What Should Joe Biden Do About Policing?
Alex S. Vitale Talks to Andrew Keen on Keen On
The coronavirus pandemic is dramatically disrupting not only our daily lives but society itself. This show features conversations with some of the world’s leading thinkers and writers about the deeper economic, political, and technological consequences of the pandemic. It’s our new daily podcast trying to make longterm sense out of the chaos of today’s global crisis.
In this episode, Andrew is joined by Alex S. Vitale, the author of The End of Policing, to discuss the history of policing and mass-incarceration in America, as well as to examine the roots and consequences of police brutality in the United States.
From the episode:
Andrew Keen: How central in your mind is reforming the police in America and addressing the history of racial injustice and racism?
Alex S. Vitale: Well, I’m pretty skeptical about the possibility of doing that. I just coauthored a piece this last week with my colleague Jennifer Cobbina at Michigan State University, in which we lay out the evidence that shows that attempting to fix the problems of policing through police diversification, that’s not going to work. The evidence seems pretty clear. And so we need to think about not the bias of individual officers and how that reproduces racial inequality, but how the fundamental nature and mission of policing does that, whether it’s the war on drugs or broken windows policing or border policing; all these forms of policing are, at root, racial projects. They were designed that way, not by police but by political leaders who created these projects and then turned them over to police.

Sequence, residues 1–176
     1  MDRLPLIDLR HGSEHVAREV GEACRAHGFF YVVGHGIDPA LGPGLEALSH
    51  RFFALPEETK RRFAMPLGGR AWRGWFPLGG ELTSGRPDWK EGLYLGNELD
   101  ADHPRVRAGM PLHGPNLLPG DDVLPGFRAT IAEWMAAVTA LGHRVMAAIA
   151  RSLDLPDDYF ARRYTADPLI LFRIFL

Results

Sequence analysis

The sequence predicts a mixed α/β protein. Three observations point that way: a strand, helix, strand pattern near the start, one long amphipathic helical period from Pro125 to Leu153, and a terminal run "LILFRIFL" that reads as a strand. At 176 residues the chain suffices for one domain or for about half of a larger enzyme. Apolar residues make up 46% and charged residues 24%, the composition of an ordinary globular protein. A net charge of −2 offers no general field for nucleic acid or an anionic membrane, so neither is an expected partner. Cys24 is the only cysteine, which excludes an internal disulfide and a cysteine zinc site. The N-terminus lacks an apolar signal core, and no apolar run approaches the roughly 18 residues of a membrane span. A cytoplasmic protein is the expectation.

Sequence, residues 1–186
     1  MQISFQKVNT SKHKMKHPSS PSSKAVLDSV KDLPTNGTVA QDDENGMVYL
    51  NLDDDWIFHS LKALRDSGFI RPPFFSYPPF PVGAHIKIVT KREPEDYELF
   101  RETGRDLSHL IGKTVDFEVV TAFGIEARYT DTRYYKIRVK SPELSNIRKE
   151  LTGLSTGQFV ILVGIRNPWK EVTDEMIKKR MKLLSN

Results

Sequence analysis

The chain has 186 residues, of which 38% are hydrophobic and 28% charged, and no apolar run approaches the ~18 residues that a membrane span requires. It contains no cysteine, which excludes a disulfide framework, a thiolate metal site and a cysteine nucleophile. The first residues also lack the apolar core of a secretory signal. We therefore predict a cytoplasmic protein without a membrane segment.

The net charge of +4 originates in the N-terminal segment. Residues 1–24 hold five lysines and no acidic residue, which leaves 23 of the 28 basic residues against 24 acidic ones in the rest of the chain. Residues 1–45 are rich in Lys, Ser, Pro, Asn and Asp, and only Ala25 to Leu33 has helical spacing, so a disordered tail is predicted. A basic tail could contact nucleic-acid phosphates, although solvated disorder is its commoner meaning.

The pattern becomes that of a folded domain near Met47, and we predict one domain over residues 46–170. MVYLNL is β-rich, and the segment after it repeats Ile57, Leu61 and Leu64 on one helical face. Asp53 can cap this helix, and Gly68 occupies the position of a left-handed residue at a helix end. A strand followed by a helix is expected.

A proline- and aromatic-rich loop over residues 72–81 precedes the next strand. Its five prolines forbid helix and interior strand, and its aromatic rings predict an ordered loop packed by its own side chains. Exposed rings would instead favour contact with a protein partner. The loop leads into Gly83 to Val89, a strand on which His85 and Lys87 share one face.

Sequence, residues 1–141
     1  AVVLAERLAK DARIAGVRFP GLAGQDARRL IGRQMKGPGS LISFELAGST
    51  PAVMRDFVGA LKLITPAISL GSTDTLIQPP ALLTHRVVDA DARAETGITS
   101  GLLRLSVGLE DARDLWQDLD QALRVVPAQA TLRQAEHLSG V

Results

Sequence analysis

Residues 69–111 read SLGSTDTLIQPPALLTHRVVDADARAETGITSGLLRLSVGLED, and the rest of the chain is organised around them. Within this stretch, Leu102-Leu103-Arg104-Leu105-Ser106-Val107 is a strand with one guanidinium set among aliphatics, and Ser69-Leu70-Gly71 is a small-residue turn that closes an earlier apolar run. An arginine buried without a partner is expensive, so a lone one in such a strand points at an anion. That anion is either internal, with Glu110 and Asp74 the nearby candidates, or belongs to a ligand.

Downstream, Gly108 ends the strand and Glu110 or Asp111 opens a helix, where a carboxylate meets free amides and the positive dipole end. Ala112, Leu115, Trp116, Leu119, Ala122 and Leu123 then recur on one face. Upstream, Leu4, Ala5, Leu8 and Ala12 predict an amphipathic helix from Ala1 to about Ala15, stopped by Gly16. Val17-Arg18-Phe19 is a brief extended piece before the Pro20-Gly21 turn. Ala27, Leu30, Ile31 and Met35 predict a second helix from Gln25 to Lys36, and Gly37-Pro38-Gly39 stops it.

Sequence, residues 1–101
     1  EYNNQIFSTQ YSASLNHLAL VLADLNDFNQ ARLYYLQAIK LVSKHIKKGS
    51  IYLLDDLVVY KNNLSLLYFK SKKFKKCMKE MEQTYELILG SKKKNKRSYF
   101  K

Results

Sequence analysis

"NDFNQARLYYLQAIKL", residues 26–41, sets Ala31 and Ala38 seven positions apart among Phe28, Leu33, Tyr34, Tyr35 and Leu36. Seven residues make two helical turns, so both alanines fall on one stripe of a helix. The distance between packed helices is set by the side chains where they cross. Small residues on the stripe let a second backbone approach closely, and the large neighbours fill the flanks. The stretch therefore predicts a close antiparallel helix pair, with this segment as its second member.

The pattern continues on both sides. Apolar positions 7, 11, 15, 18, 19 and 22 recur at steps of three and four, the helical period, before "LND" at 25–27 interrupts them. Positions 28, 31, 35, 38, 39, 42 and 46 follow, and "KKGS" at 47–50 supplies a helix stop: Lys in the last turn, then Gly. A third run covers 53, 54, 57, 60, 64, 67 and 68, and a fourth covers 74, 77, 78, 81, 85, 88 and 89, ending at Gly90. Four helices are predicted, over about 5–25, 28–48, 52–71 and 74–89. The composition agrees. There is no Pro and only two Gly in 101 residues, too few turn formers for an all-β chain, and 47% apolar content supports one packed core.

And so if we want to reduce the racialized impacts of policing, we need to focus less on diversity training and hiring more black and brown police officers, and we need to focus instead on ending the war on drugs, eliminating mass homelessness, fixing schools—the kinds of things that are really enabling these racially disparate outcomes in policing and in larger systems of the economy.
Andrew Keen: We began talking about Biden’s four areas of focus: COVID, climate, racial equality, and economics. He’s got a couple of years, as we’re reminded by Ezra Klein, to convince America that he’s credible and legitimate and they should vote for him again. What should he do, very, very concretely, on the police front? What one or two policies would you like to see actually formalized and implemented in the next two years?
Alex S. Vitale: Well, I’d like to see him dismantle the COPS Office at the Department of Justice, which is sending hundreds of millions of dollars to enable more intensive local policing, and replace that with public safety grants that could go to communities to invest in exactly the kinds of alternatives to policing that this movement is calling for. And the other thing he could do is he could eliminate the transfer of military hardware to local police departments through the 1033 Program and through a variety of Homeland Security grants. Those are some concrete steps that I think would be in keeping with the key demands of the movement and would help us really move forward on this question.
Alex S. Vitale is Professor of Sociology and Coordinator of the Policing and Social Justice Project at Brooklyn College. His writings about policing have appeared in the New York Times, New York Daily News, USA Today, the Nation, and Vice News. He has made appearances on NPR and NY1.